ISSN: 0973-7510

E-ISSN: 2581-690X

A. Pradhan, B. Baisakh1 and B.B. Mishra

1Department of Microbiology, College of Basic Science & Humanities.
2Department of Plant Breeding and Genetics, College of Agriculture Orissa University of Agriculture and Technology, Bhubaneswar, -751 003, Odisha, India.
J. Pure Appl. Microbiol. 2014, 8(6):4775-4781
© The Author(s). 2014
Received: 03/09/2014 | Accepted: 10/11/2014 | Published: 31/12/2014

Plant growth promoting rhizobacteria (PGPR) have gained increasing importance in recent past due to agricultural benefit. On account of that, an attempt was made in the present investigation to study plant growth promoting activities of bacteria isolated from rhizospheric region of Santalum album (Sandalwood ) plant. A total of ten bacteria were isolated from the soil sample and amongst them two prominent phosphate solubilizers were selected for biochemical characterization and further study on plant growth promoting activities. The most potential among the two was tried with different crop plants to determine effect on germination and plant growth under laboratory and field conditions. Percent germination of Vigna radiata (Mung bean) in germination paper is 30%, and 6% in tray with sterilized soil & 5% in Pot culture method increased significantly over respective controls. A significant increase in seedling vigor index. Root length and shoot length at P ≤ 0.05 significant level was also observed. Morphological and biochemical characterization suggests the organism belongs to the genera Bacillus. 16S rRNA gene sequence submitted to NCBI gene bank was assigned with the accession number JQ408711.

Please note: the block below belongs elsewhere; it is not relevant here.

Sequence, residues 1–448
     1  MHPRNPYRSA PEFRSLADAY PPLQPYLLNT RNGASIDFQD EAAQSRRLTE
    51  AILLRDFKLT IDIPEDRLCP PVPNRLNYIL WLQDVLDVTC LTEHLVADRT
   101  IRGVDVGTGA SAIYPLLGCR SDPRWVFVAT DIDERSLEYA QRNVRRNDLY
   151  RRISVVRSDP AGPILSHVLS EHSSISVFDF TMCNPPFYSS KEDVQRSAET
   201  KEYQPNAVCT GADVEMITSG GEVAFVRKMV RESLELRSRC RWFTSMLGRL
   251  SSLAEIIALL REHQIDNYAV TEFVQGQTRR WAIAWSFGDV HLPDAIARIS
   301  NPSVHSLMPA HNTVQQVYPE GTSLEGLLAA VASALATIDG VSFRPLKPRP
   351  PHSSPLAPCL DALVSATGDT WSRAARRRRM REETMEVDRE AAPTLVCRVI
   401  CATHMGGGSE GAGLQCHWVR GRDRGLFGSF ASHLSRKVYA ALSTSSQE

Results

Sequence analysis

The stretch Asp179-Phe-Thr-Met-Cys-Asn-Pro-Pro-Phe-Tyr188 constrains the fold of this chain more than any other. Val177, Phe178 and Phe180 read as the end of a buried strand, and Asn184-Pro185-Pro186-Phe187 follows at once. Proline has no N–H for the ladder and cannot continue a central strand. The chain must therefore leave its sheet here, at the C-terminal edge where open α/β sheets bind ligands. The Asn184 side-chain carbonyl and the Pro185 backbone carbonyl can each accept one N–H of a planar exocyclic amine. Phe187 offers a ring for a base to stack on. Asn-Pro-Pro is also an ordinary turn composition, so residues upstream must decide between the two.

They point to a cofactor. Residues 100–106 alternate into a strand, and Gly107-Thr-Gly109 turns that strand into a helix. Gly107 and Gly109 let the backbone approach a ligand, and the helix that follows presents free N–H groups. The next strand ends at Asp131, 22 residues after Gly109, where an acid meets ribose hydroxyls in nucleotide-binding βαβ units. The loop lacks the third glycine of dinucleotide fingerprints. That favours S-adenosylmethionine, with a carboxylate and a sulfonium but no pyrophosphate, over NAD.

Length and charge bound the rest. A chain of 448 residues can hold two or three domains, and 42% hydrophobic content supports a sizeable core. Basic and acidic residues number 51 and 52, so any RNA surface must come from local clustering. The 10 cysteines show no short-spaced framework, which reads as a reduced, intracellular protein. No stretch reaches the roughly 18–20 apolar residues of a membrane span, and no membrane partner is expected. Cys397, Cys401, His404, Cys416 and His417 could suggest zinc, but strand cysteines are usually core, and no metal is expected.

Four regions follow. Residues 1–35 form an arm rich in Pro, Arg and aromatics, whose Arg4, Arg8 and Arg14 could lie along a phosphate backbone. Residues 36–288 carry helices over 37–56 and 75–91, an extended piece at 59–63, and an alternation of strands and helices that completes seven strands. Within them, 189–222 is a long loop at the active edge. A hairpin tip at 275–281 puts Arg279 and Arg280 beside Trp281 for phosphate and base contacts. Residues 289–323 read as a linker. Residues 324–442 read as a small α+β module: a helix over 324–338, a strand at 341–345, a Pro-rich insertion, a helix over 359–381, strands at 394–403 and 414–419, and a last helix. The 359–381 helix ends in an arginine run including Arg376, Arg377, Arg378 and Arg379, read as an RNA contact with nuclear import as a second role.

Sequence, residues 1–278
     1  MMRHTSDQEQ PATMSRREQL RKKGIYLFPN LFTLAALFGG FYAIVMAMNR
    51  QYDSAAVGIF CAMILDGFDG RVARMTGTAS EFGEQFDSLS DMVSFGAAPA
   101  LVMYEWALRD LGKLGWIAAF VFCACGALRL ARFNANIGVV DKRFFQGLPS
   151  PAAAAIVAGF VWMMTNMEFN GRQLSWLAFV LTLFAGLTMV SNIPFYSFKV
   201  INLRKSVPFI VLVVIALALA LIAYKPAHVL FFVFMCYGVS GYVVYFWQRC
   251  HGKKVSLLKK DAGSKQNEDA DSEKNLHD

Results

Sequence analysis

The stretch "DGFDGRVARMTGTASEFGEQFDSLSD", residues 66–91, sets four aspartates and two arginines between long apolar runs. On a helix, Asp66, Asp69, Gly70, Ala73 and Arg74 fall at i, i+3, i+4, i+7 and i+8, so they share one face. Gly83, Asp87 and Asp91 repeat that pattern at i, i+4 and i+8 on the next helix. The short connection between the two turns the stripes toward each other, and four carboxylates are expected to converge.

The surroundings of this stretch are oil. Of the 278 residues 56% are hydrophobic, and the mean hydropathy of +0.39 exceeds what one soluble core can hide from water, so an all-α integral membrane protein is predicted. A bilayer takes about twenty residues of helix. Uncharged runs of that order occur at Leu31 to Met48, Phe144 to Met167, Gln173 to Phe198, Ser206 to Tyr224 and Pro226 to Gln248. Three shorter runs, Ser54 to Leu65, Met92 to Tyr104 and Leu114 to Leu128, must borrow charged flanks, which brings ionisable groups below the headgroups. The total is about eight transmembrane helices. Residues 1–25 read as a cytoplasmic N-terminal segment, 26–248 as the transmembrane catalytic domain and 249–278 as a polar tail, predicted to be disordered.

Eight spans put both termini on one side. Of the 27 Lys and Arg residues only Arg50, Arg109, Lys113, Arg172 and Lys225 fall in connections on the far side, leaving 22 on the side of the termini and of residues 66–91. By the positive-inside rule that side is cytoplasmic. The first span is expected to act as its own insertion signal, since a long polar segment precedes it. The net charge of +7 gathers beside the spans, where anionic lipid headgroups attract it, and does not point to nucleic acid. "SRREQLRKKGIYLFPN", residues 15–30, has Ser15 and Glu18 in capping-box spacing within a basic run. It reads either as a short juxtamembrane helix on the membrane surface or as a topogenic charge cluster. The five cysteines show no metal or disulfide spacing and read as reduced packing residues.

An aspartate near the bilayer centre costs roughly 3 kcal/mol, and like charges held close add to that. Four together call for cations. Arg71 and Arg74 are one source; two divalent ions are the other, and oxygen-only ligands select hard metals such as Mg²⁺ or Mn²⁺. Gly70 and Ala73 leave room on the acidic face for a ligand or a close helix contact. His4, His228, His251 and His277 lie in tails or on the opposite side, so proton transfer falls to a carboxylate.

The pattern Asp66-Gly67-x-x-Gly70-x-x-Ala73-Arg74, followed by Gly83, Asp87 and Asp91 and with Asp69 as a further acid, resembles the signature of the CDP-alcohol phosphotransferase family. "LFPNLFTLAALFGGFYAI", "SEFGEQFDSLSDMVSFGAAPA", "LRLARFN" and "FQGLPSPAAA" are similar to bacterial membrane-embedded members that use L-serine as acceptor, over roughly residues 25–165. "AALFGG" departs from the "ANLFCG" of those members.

PGPR, Santalum album, Siderophore, IAA, HCN, 16S rRNA gene sequencing

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© The Author(s) 2014. Open Access. This article is distributed under the terms of the Creative Commons Attribution 4.0 International License which permits unrestricted use, sharing, distribution, and reproduction in any medium, provided you give appropriate credit to the original author(s) and the source, provide a link to the Creative Commons license, and indicate if changes were made.